Once they’re on, the Sub6 shoes are supremely comfortable with all of the usual accolades associated with good lace-up shoes applying here. With six pairs of eyelets and a standard criss-crossed lacing pattern, pressure is nicely distributed across your foot for a more even and sock-like feel than any shoe I’ve used with mechanical closures. Fit through the midsection is appropriately snug but the toe box is wider and more squared-off than on the Empire — and if you need more room, some Sub6 sizes are offered with a wider last.
The tapered heel counter shape makes these hard to get on and off but you quickly forget about the inconvenience while riding.
The Sub6 also does well in terms of ventilation. There may not be any mesh panels but the uppers are generously perforated so they’re actually quite airy in hot temperatures. There’s also a sole vent underneath the toes but I can’t say that I actually felt any air coming through there.
Elastic loops sewn into the tongue keep the laces neatly tucked away but if you prefer an even cleaner look, you can use the included Warp Sleeve covers that not only wrap up the entire midsection but also improve the shoes’ aerodynamics, supposedly saving 35 seconds over 40km as compared to a 2015 S-Works shoe, at least according to Specialized. That may very well be but the sleeves are so difficult to put on (and take off) that you’ll need those extra seconds to catch up to your riding buddies who will invariably get tired of waiting for you and leave you behind on your weekly group ride.
See here: For more great advice, reviews, guides and news, head this way
Needless to say, I usually left them behind.
The included Warp Sleeves yield a super clean exterior for what Specialized claims equates to 35 seconds of savings over 40km. That may be but they’re a total pain to put on, too.
S-Works Sub6 vs. S-Works 6
Anyone considering the S-Works Sub6 will likely not only be comparing them to the Giro Empire but also cross-shopping the standard S-Works 6 shoes so it’s worth taking some time to compare those here.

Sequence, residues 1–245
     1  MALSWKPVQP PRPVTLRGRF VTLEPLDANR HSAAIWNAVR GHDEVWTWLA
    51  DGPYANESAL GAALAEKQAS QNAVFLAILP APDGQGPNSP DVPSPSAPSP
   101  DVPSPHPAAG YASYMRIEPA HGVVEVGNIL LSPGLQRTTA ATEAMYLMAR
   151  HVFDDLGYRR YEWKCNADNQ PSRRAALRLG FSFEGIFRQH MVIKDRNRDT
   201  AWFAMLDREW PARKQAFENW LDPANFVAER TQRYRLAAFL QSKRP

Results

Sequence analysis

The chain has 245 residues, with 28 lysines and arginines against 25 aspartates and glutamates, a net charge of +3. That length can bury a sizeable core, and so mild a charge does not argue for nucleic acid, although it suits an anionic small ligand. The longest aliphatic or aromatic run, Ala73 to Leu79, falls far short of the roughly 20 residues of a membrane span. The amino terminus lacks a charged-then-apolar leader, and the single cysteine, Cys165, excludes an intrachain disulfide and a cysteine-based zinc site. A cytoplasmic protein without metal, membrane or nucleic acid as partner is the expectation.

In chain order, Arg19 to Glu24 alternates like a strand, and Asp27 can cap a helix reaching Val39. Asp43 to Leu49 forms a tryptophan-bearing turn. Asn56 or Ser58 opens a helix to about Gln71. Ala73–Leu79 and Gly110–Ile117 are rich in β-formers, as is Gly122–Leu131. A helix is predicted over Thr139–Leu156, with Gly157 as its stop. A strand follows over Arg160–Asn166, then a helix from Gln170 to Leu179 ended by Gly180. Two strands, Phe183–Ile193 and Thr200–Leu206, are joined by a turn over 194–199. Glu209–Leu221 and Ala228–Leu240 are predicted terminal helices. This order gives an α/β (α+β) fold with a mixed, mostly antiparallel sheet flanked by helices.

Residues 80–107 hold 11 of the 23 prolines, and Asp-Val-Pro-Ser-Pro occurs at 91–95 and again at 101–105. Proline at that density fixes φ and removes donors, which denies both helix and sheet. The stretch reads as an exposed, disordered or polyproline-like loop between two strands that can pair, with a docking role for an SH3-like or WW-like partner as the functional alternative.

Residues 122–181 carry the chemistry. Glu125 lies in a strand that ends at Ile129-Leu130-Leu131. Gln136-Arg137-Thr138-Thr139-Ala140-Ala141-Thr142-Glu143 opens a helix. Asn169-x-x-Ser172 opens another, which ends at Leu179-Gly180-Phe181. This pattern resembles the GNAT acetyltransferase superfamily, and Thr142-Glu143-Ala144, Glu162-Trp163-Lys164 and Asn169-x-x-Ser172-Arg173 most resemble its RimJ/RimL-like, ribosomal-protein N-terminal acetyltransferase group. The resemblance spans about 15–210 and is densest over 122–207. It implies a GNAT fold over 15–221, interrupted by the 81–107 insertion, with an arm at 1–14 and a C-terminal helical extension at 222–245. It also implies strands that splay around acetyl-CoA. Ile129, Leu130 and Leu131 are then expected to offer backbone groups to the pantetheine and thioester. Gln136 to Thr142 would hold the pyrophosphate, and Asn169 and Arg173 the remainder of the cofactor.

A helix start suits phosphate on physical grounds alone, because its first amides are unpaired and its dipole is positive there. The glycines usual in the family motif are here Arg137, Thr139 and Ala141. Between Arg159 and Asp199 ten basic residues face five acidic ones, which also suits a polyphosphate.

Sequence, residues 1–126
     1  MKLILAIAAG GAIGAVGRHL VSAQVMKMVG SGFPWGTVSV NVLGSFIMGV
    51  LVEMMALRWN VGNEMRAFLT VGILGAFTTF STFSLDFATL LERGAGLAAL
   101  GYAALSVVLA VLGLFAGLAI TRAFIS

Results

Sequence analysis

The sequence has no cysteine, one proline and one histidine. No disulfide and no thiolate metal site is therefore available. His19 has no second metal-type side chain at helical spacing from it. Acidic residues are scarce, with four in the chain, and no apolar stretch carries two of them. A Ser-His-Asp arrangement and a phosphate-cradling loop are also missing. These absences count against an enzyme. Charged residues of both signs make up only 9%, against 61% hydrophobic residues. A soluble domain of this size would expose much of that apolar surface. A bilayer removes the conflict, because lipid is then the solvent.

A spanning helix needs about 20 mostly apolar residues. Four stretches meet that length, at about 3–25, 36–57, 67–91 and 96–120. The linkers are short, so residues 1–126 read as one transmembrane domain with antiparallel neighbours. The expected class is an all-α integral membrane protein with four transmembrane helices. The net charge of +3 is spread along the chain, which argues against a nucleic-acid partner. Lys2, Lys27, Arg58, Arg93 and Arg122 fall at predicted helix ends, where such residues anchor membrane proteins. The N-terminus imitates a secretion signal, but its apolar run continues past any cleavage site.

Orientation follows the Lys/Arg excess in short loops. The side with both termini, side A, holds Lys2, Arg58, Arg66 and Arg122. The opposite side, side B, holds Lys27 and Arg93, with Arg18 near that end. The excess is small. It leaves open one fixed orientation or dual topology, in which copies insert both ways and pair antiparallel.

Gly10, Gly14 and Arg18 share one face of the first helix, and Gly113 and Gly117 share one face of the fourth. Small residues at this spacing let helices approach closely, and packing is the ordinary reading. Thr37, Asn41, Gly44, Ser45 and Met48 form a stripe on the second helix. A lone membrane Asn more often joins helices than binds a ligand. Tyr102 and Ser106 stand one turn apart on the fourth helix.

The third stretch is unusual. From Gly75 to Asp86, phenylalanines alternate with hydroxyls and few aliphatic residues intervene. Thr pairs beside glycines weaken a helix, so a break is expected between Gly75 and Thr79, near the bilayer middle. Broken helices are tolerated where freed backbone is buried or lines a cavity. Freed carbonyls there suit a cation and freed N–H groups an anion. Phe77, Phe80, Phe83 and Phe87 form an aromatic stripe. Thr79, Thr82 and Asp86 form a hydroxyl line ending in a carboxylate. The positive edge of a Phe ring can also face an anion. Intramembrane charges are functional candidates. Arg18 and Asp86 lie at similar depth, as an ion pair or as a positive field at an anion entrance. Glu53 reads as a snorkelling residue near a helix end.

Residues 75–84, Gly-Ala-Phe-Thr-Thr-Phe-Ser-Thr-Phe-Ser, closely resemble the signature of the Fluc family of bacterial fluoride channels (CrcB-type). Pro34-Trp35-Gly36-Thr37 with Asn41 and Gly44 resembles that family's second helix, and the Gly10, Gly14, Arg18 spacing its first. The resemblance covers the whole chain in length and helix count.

As previously mentioned, both shoes use the same carbon fibre sole plate and heel construction so not surprisingly, they feel identical in both areas. Likewise, both use the same last shape so the overall fit is identical, too.
That said, there is one key distinction.
Specialized now has two S-Works road shoe models: the standard S-Works 6 (top) and the lace-up S-Works Sub6 (bottom). They’re similar in many ways but different in others.
Those space-age Dyneema panels that Specialized adds to the S-Works 6 shoes essentially form a paper-thin cage around the ankle — not unlike what Nike tried to do in plastic a decade ago. Combined with the S-Works 6’s dual Boa ratcheting cable reels, you can really produce an unyieldingly secure hold around the base of your feet should you so desire. Those panels really don’t stretch a bit over a time, either, so if it’s an ultra-tight fit you want from hour one to hour six, so be it.
With the high-tech Dyneema panels of the standard S-Works 6, the Sub6 feels slightly stretchier overall, particularly around the ankle. It’s also much more difficult to produce the same level of tightness with laces as with Boa dials. You can still get the Sub6 plenty tight but it’s more like ‘very snug’ as opposed to voluntarily cutting off circulation to your toes.
As expected, the standard S-Works 6 shoes are heavier at 440g per pair (size 43) — as expected, but still very light for a shoe with mechanical closures (for reference, a pair of high-end Sidis are typically upwards of 600g).
And the top shoe on the block is...
As always with cycling shoes, what works best will ultimately boil down to fit. But after having spent considerable time in all three models described here, my money is on the S-Works Sub6: they’re just as light and comfortable as the Empire while offering better support; and they’re nearly as supportive as the standard S-Works but at a lower weight and with a more luxurious feel for long days in the saddle. Hate on Specialized all you want but these are very, very good shoes.
Laces once seemed like an archaic throwback to a bygone era but the reality is that they make for a supremely even fit across the top of your feet.
This article was originally published on cyclingtips.com
Check out some related articles on the site;